Already, three tiger subspecies have been lost to extinction: the Bali tiger (Panthera tigris balica), the Caspian tiger (Panthera tigris virgata), and the Javan tiger (Panthera tigris sondaica). Of the remaining six tiger subspecies, two are currently listed as Critically Endangered: the Sumatran tiger (Panthera tigris sumatrae) and the South China tiger (Panthera tigris amoyensis). The latter is probably extinct in the wild and is represented by just over 70 animals in captivity, including an ambitious project in South Africa with hopes to re-wild the subspecies back to its native habitat.
An uncertain future: world’s last wild Siberian tigers threatened by illegal logging, global warming, disease (PART II)
(08/22/2014) Every year, between 20 and 30 tigers are poached. Illegal logging is reducing the tigers’ habitat, and illegal hunting is reducing its food supply. However, these are not the only threats to wild tiger survival — other problems are cropping up and taking a toll on the iconic big cat.
Logging of Russian Far East damaging tiger habitat, few intact forests protected (Part I)
(08/19/2014) The destruction of Russian forests to supply timber to international markets is becoming one of the biggest threats to the world’s largest cat, the Siberian tiger. Russia has more forests than any other country, with more than half of the world’s coniferous forests. However, worldwide demand for high quality timber, along with weak regulations, has led to widespread logging of Russia’s trees.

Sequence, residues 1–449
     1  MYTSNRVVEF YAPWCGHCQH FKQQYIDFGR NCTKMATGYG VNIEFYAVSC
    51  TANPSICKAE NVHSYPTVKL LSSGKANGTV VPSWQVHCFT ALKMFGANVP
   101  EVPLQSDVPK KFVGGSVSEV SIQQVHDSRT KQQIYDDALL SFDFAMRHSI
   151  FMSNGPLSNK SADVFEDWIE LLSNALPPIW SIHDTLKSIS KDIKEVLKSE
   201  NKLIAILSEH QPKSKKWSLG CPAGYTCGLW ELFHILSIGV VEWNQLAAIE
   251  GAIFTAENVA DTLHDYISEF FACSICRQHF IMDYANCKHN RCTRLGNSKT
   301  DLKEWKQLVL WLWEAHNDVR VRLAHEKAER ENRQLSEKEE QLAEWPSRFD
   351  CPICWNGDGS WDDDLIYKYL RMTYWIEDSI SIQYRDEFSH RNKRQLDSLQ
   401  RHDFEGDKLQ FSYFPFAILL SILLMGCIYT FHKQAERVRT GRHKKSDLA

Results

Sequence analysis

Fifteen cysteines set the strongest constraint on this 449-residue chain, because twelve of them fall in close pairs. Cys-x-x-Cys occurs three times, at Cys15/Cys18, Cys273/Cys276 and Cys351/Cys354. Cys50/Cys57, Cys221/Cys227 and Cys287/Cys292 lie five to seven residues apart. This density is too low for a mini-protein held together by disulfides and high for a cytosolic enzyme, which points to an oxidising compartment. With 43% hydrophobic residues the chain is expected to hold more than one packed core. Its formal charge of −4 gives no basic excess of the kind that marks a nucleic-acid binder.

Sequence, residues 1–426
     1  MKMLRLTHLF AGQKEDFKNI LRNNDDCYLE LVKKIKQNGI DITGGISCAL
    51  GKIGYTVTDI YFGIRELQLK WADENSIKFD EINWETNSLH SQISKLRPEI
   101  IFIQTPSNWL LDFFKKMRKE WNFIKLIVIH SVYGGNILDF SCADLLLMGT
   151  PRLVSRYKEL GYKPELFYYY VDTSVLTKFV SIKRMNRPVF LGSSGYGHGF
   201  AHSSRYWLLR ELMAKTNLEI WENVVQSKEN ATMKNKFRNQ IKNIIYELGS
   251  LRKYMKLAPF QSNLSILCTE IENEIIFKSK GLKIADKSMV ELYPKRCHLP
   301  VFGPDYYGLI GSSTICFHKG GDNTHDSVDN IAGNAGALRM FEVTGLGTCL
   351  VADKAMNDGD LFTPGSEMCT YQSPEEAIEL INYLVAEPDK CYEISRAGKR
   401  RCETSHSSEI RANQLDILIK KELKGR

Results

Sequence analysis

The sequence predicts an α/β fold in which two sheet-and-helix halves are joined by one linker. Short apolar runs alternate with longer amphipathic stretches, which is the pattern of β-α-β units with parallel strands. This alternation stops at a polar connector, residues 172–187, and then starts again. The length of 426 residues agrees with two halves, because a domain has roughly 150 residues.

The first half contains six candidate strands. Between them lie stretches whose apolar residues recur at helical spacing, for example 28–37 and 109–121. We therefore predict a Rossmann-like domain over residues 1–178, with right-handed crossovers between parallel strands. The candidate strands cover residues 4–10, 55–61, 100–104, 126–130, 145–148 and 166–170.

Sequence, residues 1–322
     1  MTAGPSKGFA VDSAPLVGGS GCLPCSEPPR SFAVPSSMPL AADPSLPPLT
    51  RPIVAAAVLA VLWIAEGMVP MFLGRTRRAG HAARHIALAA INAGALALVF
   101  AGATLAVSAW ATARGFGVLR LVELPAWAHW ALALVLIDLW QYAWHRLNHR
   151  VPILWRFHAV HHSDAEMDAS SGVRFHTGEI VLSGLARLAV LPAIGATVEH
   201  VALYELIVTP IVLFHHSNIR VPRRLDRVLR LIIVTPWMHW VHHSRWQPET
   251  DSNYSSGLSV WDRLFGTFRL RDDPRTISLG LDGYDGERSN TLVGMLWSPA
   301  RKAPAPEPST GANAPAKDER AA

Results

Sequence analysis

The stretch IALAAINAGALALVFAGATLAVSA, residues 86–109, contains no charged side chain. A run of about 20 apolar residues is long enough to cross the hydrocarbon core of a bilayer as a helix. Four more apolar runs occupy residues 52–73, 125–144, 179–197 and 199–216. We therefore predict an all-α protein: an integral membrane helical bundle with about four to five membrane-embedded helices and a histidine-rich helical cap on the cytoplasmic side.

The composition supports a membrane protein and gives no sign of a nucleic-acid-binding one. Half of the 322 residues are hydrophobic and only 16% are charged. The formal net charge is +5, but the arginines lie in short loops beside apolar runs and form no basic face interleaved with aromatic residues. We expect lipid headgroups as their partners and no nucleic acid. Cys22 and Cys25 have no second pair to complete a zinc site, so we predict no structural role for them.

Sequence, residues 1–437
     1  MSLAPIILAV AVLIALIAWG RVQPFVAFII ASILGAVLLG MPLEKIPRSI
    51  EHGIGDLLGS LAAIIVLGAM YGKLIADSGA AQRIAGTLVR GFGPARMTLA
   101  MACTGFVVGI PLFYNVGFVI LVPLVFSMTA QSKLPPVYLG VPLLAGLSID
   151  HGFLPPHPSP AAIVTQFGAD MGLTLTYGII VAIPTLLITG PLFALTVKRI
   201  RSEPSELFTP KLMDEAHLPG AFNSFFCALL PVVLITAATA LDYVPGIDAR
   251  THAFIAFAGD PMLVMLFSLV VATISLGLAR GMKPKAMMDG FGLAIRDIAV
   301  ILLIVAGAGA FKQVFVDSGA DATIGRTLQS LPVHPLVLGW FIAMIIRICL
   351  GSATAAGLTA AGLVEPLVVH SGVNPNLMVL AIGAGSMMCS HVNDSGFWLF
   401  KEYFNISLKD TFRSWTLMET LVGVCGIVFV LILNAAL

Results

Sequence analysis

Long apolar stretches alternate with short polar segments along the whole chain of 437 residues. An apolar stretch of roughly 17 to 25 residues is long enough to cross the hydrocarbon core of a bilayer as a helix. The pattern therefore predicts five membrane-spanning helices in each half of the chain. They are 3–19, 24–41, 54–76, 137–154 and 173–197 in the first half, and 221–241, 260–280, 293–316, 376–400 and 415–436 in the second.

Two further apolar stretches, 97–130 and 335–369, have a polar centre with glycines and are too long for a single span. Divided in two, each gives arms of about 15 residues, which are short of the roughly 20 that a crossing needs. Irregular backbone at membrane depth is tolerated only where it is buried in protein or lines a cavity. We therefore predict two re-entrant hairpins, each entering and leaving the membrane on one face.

Where have all the big animals gone? Indian park devoid of many species, further threatened by forest loss
(08/04/2014) Namdapha National Park is part of the Indo-Myanmar biodiversity hotspot. However, locating many species in the park is becoming increasingly difficult, the region has lost thousands of hectares of forest in the past decade, and studies project the situation may simply worsen in the coming years.
Poachers target elephants, tigers in Sumatran park
(07/31/2014) The Leuser Ecosystem in Aceh, Indonesia is gaining the attention of international animal traffickers, according to the Leuser Conservation Forum (FKL). From the beginning of 2013, FKL patrols have dismantled 282 makeshift traps targeting high value threatened species, and the situation is getting worse.
No restrictions: Japan’s demand for illegal wood driving rampant deforestation in Siberia
(07/03/2014) Illegal logging is taking a huge toll on forests around the world. In response, many countries have banned the import of timber whose legal harvest cannot be verified. However, Japan has made no strides to reduce its import of illegal timber. Instead, it is knowingly importing mass quantities of wood sourced from vulnerable forests in Siberia, according to a recent report.
Deforestation drives tigers into contact, conflict with humans